That’s what you want in a No. 1 corner. Watch him come up and support the run or blow up screen plays. Watch him run with fast receivers. Check out the game tape of the second half of the season, when Webb started to look healthy again, against players such as Alshon Jeffery, Antonio Brown and A.J. Green.

    Webb is set to turn 30 this year, which is hard to believe, but you watch: With a more solid Matt Elam on the back end and better pressure up front, Webb will show a year removed from knee surgery that he’s worthy of far more respect than he receives currently.

    FS: Richard Sherman

    The circus surrounding Sherman has created an interesting dynamic.

    He suddenly became the most discussed non-quarterback in the NFL, truly starting with the perfect storm of him giving a really fired up interview with Erin Andrews at the end of the NFC championship game. That led to a couple weeks of Sherman in the Super Bowl spotlight, and away we go. All of a sudden people who know maybe 10 non-Manning NFL players were debating Sherman.

    Many people do not like Sherman. He talks too much for their taste. That's fine. Some football contrarians have started in on Sherman, saying he's just a system player who operates in an easy-to-manage zone. Patrick Peterson made that argument mainstream by getting in a Twitter fight with Sherman.

    If you wanted to say Sherman is overrated, I understand the argument. He gets more attention than plenty of players who are probably better, including Darrelle Revis, who is the NFL's best corner. But here's why I think he has become underrated: There are a lot of voices debating everything about Sherman, but if you ignore the madness look at himjust as a football player, it's plain to see that he's absolutely fantastic.

    All the stats he likes to cite about how good he is might be annoying, but they are true. His 2013 season was unbelievable. According to Pro Football Focus' coverage statistics, he gave up 29 catches for 348 yards and a touchdown all season. Quarterbacks had a 36.2 rating on passes thrown to receivers being covered by Sherman, and that's a ridiculous number. And he made big plays.

    Everyone remembers him batting away the pass to Michael Crabtree that was intercepted and led to the Andrews interview. His pick-six against Houston in Week 4 also led to an overtime win and absolutely helped shape the Seahawks as contenders early in the season. He might get a lot of attention, but he has the chops to back it up.

    And the criticisms that the system helps Sherman are a bit misplaced. If plugging a player into a Cover-3 defense made any cornerback Richard Sherman, every team in organized football would run it. Players land in advantageous systems all the time. That doesn't matter if they can't play. To say Sherman is just a product of the Seahawks' system is insinuating anyone can do what he does, and that's false.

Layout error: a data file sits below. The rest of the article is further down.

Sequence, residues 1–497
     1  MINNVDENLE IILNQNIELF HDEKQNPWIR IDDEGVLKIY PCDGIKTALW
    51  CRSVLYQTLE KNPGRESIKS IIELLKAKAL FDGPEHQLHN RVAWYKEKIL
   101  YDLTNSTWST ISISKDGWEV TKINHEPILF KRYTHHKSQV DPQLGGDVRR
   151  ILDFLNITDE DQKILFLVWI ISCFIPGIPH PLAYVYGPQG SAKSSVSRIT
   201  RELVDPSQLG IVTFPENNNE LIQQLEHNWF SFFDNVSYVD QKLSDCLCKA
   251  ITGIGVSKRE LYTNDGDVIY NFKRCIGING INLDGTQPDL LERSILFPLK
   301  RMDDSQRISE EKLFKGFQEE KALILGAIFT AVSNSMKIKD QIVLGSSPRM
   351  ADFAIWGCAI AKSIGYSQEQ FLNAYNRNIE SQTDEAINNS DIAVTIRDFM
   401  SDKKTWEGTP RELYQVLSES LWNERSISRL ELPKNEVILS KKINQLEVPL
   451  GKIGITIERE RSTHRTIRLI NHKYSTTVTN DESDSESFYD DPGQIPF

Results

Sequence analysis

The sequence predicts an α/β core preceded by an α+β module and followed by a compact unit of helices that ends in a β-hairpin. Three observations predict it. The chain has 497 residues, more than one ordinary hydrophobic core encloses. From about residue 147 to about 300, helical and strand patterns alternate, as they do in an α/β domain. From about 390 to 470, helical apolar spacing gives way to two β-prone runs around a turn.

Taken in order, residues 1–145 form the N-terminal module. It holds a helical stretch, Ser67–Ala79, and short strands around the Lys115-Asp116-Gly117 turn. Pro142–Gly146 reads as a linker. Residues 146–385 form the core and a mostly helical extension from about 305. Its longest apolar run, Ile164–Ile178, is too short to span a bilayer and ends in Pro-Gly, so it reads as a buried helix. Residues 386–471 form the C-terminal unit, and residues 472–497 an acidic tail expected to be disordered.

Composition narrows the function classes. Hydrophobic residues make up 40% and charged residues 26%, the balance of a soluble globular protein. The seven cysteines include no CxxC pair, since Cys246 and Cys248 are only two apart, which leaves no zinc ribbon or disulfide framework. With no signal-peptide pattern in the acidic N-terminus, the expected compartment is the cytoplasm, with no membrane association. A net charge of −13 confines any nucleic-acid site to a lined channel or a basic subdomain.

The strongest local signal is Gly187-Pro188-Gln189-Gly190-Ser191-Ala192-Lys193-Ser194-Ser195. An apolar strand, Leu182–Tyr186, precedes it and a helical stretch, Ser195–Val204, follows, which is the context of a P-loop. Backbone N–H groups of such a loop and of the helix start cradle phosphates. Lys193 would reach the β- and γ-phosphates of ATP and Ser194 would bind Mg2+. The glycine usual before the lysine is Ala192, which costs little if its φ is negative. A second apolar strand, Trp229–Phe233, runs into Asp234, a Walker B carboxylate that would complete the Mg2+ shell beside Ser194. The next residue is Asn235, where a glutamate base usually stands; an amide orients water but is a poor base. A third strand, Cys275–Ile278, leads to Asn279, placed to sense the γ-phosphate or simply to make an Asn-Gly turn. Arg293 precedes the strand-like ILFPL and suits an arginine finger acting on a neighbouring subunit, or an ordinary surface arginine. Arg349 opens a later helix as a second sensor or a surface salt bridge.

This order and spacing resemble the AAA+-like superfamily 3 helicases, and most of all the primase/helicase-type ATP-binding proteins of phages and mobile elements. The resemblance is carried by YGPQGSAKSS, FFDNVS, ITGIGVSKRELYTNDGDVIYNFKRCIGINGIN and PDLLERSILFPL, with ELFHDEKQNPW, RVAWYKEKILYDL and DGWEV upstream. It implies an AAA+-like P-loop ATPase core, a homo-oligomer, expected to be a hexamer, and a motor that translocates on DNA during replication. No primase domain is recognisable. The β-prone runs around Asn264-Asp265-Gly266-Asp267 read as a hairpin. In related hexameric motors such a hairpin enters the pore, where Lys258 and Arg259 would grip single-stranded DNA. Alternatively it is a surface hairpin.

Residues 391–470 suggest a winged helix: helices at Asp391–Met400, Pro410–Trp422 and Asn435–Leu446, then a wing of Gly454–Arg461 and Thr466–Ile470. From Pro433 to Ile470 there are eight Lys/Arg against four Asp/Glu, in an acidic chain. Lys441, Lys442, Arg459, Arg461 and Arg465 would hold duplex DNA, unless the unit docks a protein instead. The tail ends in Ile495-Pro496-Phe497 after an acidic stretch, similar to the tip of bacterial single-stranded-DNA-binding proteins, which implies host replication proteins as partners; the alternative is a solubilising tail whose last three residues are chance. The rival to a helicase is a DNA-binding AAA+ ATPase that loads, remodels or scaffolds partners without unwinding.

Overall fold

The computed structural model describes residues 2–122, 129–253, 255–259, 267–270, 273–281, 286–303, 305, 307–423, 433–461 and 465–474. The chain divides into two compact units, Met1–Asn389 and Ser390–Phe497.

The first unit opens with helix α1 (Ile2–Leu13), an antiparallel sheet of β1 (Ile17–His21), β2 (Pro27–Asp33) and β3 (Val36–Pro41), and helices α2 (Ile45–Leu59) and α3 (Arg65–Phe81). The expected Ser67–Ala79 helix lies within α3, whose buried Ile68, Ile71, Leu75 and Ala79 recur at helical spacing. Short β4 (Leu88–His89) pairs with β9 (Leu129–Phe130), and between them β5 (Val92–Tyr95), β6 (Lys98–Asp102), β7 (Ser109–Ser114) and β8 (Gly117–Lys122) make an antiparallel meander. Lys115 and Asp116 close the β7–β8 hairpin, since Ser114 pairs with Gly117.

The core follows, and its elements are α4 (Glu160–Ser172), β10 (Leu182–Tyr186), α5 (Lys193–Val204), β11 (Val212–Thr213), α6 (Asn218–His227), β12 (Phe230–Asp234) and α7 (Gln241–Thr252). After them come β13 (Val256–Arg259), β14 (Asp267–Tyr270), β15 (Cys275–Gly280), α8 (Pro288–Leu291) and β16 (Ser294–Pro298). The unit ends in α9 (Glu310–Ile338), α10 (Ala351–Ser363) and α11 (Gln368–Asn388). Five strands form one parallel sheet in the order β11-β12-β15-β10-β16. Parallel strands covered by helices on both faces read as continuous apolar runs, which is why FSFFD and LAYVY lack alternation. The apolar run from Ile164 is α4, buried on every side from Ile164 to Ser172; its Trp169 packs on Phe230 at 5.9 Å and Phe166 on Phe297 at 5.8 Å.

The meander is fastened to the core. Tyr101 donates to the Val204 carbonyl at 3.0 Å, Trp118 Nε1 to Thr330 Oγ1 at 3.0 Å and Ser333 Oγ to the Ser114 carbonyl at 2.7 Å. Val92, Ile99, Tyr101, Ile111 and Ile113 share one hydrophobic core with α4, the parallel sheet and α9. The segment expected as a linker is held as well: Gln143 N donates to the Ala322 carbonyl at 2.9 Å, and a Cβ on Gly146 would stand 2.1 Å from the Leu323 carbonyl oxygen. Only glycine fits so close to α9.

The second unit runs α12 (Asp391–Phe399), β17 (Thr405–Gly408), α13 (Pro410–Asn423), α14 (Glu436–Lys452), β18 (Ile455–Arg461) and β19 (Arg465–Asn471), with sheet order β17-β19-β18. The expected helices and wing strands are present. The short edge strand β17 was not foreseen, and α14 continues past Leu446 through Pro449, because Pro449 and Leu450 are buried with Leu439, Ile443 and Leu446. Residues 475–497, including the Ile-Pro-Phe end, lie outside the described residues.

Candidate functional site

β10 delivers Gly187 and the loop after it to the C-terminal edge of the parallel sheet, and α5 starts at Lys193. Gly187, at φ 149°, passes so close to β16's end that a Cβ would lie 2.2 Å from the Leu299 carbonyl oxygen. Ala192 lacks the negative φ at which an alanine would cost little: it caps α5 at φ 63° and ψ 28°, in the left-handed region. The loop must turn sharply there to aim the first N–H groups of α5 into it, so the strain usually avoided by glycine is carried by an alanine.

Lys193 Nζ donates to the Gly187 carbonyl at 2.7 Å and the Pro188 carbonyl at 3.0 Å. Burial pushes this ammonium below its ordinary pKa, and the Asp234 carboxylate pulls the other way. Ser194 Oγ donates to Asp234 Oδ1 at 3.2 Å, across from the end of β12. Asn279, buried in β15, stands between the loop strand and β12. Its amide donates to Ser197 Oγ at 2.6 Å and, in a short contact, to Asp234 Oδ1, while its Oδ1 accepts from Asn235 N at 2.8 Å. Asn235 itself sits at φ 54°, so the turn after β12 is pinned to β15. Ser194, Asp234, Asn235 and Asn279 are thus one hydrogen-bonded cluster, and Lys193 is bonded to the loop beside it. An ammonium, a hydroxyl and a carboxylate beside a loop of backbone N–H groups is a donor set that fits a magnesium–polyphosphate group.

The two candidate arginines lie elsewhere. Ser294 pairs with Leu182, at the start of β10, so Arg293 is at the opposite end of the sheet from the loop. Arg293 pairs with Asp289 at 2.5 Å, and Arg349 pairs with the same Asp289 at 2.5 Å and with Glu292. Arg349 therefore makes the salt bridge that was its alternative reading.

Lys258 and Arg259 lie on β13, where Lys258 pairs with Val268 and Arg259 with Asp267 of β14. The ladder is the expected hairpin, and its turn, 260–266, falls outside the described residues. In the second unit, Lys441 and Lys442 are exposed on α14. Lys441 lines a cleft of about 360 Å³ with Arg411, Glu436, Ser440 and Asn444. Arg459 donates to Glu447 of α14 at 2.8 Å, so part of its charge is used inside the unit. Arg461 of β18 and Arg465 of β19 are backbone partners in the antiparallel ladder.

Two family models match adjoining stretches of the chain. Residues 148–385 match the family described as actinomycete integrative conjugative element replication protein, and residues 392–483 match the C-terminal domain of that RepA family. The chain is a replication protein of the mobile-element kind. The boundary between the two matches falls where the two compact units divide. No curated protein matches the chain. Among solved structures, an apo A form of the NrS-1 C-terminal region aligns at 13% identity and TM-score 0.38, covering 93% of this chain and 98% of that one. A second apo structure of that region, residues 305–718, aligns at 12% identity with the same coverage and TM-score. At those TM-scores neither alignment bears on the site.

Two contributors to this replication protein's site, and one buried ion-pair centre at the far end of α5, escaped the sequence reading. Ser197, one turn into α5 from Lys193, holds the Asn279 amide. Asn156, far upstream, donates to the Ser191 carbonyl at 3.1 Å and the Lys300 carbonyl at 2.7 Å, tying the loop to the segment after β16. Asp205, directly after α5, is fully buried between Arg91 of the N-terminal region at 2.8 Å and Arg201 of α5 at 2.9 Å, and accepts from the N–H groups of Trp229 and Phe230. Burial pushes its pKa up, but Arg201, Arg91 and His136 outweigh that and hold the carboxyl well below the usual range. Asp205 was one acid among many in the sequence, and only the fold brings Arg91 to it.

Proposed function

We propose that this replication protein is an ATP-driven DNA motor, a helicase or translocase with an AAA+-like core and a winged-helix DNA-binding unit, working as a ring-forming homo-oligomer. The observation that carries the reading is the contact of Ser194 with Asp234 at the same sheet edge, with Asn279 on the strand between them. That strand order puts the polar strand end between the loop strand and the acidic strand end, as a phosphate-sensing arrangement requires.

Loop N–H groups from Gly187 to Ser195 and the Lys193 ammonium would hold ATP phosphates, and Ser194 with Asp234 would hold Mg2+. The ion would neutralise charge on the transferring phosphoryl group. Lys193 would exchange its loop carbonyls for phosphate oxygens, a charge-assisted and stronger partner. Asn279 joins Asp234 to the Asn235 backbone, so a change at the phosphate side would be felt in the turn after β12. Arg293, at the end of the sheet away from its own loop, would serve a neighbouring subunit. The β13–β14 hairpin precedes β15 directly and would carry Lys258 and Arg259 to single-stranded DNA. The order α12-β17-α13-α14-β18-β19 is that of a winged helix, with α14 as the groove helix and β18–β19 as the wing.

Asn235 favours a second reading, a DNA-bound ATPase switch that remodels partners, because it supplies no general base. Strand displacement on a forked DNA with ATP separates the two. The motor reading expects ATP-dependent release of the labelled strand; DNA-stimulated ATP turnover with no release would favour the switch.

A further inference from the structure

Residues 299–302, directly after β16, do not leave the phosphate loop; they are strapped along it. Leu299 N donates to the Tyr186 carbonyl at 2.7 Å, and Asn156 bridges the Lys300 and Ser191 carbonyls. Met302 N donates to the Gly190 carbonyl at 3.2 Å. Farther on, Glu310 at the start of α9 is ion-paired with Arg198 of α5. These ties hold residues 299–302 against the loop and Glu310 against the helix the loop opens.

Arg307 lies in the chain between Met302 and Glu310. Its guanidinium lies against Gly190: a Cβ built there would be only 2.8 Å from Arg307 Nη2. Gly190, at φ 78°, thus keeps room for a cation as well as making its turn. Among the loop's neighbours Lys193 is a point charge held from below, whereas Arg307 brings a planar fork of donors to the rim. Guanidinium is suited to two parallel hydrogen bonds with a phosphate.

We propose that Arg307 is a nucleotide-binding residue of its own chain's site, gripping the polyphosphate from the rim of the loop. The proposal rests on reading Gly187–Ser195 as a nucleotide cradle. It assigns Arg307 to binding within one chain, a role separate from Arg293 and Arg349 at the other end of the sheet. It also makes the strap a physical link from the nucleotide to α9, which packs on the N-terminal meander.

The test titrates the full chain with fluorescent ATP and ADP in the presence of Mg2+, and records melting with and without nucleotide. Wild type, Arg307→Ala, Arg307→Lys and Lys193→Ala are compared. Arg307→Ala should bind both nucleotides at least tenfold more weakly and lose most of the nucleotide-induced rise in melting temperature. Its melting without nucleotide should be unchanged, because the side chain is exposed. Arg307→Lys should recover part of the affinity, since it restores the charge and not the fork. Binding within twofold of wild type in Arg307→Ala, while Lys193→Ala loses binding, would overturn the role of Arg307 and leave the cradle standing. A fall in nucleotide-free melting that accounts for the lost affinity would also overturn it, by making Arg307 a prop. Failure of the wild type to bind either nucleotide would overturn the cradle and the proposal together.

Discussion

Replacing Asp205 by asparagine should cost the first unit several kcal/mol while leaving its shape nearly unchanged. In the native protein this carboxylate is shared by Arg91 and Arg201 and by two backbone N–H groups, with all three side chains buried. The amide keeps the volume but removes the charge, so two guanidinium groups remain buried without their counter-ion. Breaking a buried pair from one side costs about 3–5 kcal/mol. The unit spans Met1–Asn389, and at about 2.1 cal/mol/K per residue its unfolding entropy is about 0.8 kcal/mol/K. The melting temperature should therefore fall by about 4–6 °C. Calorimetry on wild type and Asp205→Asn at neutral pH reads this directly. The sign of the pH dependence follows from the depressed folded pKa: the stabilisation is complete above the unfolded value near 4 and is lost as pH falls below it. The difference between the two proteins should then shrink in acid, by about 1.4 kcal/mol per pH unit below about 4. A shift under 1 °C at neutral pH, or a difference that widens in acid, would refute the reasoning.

When someone brings up Richard Sherman now, unless you're hanging out with a lot of serious football fans, the discussion isn't going to drift toward how well he plays his position. That's too bad. Because as far as simply on-field performance goes, the sideshow around Sherman seems to be starting to overshadow how good of a football player he is.
  7. LazyWinker

    LazyWinker New Member

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    Charles Tillman is one of my favorite CBs. He's not the best anymore but I don't believe anyone was better at getting the football out of player's hands than he did when he was in his prime.
  8. Elmgrovegnome

    Elmgrovegnome Well-Known Member

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    I was hoping the Rams would sign Grimes when he was injured. Could have gotten him on the cheap and then maybe kept him. He is a very underrated Corner.
    TheDYVKX likes this.
  9. NJRamsFan

    NJRamsFan Cocaine Cowboy

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    Janoris Jenkins and tru Johnson are the best tandem in the nfl don't care what anyone says
    TheDYVKX and HometownBoy like this.
  10. HometownBoy

    HometownBoy STL sports aficionado

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    Darrelle Revis has been painfully overrated lately, dude hasn't been solid since his injuries but everybody keeps treating him like he was the caliber that he was in New York.
    NJRamsFan likes this.
  11. TheDYVKX

    TheDYVKX Well-Known Member

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    He was definitely above average, coming off an ACL tear AND he was a fish out of water in the zone scheme they ran, but he adjusted. He took something he's not particularly strong at in playing zone, and made it more of a strength. He shut guys down, and he deserves every bit of attention that comes his way, he was still one of the best even with his circumstances.

    He definitely wasn't the same player, but he was still very very good.
    Faceplant likes this.